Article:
Those who master the art of interpreting electronics often find and
catch fish when others struggle. With the use of swim baits, big spoons
and deep diving crankbaits anglers can sometimes trigger sluggish fish
That’s been the scenario lately for many deep water bass anglers on
Kentucky Lake. However, there are a lot of fish lingering in midrange
depths of 10 to 14 feet and relating to structure such as submerged
crappie beds, stumps and brushpiles.
Shallow bass are still there too and some are moving up to take
advantage of the mayfly madness. Tossing topwater in the early morning
hours has produced this week as have some spinnerbaits and Texas rigged
worms around the parameter of shallow grassbeds.
A few schools of pin minnows have been showing up this week around
shallow visible structure and when you locate the minnows you’ll find
Even in hot weather there is still a productive shallow pattern at times
for Kentucky Lake bass fishermen.
Crappie continue to show up for early summer anglers stalking the
midrange depths of 10 to 14 feet. Those deeper stakebeds and brushpiles
have paid dividends throughout the month of June and fish will linger
there for another week or two it appears.
Tipping jigs with minnows or just presenting a minnow by itself have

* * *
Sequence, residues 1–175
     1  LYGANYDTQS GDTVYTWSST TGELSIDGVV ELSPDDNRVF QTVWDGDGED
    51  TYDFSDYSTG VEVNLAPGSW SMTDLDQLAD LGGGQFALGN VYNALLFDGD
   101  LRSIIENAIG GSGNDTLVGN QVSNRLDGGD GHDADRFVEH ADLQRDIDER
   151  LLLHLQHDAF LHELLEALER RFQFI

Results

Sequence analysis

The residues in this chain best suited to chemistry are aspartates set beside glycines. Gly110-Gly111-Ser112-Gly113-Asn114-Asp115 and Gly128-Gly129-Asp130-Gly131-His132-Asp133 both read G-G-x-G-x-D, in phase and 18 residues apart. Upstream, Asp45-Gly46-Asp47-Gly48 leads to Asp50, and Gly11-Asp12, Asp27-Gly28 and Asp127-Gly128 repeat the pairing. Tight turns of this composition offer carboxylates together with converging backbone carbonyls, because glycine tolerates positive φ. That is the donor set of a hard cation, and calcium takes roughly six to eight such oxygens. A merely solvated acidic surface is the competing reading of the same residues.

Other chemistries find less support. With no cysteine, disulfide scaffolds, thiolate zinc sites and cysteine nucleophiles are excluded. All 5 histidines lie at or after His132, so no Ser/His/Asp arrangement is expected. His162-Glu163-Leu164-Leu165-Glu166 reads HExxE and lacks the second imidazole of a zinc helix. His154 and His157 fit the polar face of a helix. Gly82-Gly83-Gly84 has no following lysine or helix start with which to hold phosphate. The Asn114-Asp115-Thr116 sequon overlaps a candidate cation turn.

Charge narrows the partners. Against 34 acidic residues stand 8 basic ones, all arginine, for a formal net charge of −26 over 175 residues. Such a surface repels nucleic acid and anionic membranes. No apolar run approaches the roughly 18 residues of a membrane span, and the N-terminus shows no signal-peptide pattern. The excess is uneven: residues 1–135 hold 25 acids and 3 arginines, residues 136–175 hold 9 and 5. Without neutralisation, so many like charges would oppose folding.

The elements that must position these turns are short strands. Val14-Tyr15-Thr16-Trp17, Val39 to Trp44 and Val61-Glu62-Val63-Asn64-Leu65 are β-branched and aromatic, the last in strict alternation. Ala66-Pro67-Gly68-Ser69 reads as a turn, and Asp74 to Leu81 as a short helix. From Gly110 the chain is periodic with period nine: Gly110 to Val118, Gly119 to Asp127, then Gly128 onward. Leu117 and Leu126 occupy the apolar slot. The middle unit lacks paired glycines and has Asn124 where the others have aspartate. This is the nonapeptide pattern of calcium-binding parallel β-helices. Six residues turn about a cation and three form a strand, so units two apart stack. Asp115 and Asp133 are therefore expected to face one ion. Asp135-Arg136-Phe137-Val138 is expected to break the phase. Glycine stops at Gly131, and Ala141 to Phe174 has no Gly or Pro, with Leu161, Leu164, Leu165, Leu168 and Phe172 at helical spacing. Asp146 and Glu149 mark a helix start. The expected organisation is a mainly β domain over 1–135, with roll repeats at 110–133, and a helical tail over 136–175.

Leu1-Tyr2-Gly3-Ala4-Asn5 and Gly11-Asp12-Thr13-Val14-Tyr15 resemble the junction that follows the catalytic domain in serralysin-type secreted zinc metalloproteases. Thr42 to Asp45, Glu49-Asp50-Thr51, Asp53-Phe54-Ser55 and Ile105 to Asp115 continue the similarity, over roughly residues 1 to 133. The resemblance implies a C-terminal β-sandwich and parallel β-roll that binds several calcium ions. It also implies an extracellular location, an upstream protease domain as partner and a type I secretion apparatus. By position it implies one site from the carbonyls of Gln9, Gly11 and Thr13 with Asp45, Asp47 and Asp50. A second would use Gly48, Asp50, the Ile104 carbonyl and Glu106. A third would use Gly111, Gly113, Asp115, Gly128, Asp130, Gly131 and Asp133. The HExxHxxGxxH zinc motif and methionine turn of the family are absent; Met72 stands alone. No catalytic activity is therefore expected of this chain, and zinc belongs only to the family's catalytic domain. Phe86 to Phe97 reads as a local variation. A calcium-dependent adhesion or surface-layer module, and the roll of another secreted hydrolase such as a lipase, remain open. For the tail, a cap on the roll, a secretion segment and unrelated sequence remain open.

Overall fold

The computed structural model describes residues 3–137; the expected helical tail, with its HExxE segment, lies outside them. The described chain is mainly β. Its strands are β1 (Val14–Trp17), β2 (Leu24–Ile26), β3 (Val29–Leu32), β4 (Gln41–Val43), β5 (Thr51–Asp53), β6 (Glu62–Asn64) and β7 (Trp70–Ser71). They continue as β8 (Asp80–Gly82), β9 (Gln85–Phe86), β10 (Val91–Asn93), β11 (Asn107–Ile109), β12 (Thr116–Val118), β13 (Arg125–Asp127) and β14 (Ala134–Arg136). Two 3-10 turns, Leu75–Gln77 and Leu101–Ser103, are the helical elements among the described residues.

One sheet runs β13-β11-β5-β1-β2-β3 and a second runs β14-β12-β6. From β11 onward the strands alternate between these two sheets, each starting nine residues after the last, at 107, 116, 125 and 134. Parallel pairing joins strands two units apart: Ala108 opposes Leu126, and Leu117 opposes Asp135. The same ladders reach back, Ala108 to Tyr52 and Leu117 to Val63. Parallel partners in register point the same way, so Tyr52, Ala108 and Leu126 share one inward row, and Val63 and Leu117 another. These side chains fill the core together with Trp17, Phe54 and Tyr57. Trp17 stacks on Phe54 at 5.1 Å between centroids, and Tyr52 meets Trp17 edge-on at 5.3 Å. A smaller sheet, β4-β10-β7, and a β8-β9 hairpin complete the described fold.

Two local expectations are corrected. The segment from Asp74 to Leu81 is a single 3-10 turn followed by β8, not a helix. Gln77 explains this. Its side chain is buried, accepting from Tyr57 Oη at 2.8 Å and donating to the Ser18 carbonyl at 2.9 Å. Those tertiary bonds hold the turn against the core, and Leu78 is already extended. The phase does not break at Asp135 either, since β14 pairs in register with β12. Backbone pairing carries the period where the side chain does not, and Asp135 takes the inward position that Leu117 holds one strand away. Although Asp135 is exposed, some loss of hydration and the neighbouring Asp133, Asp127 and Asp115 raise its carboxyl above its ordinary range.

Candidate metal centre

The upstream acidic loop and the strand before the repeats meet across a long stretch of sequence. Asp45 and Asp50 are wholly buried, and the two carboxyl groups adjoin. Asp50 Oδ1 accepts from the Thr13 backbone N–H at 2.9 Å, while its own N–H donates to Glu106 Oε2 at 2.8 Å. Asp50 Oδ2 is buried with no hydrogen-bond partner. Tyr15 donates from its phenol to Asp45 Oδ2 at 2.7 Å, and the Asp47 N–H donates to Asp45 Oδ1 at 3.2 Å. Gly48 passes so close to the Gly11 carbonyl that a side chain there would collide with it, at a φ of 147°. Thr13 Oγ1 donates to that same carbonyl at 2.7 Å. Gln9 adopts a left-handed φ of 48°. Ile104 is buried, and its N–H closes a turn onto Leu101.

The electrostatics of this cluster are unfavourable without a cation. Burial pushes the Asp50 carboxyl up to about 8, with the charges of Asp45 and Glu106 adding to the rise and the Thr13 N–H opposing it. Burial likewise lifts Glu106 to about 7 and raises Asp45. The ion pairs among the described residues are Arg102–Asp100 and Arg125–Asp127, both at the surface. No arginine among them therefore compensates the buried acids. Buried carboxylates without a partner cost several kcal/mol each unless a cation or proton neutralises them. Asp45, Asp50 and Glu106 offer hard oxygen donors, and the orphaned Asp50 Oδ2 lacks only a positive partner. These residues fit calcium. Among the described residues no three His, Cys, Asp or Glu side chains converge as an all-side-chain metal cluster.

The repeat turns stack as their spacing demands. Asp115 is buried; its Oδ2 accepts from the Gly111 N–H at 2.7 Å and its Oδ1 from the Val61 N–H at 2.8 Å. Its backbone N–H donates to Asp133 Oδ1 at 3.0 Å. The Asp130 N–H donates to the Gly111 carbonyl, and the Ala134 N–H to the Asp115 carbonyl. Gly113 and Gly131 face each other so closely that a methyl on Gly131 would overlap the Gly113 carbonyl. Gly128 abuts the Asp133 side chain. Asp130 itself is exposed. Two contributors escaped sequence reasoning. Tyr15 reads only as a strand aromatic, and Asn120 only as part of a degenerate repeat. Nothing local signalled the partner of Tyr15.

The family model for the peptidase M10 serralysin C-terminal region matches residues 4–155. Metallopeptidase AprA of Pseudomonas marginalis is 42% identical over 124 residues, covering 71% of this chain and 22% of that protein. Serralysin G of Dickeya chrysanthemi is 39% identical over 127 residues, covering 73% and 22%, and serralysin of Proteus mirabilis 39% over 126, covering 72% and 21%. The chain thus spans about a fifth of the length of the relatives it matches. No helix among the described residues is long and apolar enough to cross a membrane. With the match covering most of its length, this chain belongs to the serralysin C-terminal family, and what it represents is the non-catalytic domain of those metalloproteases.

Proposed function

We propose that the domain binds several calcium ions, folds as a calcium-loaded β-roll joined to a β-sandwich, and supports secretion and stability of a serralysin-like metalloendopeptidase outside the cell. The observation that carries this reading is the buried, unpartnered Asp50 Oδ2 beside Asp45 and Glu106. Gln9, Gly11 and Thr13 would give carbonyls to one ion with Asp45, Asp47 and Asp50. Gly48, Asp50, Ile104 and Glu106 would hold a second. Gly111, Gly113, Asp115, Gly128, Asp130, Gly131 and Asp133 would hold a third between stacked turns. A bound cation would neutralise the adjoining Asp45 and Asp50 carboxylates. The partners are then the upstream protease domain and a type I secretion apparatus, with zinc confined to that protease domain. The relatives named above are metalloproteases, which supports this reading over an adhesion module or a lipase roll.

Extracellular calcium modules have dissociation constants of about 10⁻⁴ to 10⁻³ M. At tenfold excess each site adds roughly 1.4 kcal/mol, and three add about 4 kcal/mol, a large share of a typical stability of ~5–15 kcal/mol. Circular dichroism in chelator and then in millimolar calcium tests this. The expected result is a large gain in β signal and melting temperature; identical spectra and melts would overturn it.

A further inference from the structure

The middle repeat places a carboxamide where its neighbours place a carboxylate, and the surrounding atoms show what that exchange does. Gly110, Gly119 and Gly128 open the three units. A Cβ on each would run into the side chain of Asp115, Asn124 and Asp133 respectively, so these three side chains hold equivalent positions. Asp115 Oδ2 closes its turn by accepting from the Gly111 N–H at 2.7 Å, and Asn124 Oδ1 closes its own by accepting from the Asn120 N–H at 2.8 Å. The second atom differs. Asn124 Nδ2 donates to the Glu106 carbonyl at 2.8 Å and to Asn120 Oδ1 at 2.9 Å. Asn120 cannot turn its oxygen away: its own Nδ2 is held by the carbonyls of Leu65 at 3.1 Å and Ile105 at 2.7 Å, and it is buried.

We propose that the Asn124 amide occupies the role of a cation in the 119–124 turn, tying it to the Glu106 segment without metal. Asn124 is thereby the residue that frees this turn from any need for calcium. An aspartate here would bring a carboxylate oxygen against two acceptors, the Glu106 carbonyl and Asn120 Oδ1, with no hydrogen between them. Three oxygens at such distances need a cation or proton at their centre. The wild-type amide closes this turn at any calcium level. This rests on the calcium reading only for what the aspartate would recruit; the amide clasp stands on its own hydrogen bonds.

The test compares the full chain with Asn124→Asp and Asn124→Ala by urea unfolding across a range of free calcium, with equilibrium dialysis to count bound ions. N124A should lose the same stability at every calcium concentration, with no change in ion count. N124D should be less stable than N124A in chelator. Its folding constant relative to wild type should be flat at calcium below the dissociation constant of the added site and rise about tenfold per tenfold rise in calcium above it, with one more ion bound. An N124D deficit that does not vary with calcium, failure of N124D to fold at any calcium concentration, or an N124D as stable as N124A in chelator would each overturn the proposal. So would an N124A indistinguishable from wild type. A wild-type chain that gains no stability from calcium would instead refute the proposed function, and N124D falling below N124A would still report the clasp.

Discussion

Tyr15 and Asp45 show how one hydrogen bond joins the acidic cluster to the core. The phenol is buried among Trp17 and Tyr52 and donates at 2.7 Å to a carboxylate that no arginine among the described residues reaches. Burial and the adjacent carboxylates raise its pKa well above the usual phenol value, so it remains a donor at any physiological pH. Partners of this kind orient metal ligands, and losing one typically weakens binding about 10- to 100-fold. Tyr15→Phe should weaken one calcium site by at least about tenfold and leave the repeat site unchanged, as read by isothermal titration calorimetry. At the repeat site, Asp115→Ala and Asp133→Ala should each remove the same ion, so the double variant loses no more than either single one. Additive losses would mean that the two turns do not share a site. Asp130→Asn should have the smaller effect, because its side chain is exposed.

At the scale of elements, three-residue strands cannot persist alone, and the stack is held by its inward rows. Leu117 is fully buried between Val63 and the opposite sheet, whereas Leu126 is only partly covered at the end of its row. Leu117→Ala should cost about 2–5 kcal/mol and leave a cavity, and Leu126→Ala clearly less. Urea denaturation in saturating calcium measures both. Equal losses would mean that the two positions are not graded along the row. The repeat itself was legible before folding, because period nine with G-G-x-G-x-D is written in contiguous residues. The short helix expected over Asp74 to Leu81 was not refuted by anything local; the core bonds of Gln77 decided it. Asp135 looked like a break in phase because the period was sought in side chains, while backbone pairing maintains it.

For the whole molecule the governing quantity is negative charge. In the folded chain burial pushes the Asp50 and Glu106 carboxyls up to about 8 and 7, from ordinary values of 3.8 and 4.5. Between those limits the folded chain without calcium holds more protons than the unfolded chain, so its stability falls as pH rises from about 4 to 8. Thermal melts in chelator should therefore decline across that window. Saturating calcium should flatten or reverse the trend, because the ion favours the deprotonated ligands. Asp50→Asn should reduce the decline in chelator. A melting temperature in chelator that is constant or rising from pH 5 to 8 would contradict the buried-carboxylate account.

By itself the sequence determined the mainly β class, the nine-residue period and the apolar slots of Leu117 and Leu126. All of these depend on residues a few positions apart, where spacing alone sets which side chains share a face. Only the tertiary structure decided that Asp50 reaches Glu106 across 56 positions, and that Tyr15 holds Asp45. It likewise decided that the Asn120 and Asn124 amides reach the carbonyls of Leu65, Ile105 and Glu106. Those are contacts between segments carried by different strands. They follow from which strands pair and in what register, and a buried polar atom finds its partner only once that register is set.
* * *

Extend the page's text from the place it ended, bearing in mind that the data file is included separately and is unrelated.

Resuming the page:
worked well lately. A few anglers are tipping a jig with Berkley power
bait in the white and chartreuse colors. However, that live minnow has
been the bait of choice.
Some pretty nice size crappie have been taken too. Anglers can expect to
catch a lot of small fish mixed in there with a nice slab at times.
Somewhat annoying are the aggressive little yellow bass that act like
there is no tomorrow when they tag your bait. The little fellows dart
around and really put a bend in the pole once hooked. They are the
pigmies of the fishing world and will quickly show you their sharp gill
covering or needle point spines if you grab them incorrectly.
The little fellows are part of the summer fishing scene, however.
Unfortunately, they possess a never ending appetite for live minnows and
will lower the population of your bait bucket. Seems they go crazy once
mayfly hatches occur as they also feed on the larva stage emerging from
the lake’s substrate.
Summer crappie fishing has been pretty good overall so hit the lake
early and you’ll beat the heat.
A few catfish are still hanging around midrange depths. That shows they
haven’t pulled back to those main river channel banks just yet but will
likely do so as the summer progresses.
Jug fishermen have been catching a few as they allow their army of baits
to drift across flats. Nighcrawlers, shrimp, big minnows and chicken
livers have been productive as have commercial concoctions.
Kentucky Lake’s summer fishing scene has been favorable to a variety of
anglers this week and should hold up for quite a spell. Here’s hoping
you have a good Fourth of July weekend on the water but be extra careful
out there and respect other boaters competing for the same routes, ramps
and parking spots!
Also check out our past:
Kentucky Lake Fishing Reports
Steve McCadams is one of the nation's best known Crappie Fishermen
and a full time resident of Paris, Tennessee. Steve is also a
professional hunting and fishing guide here in the Paris Landing area.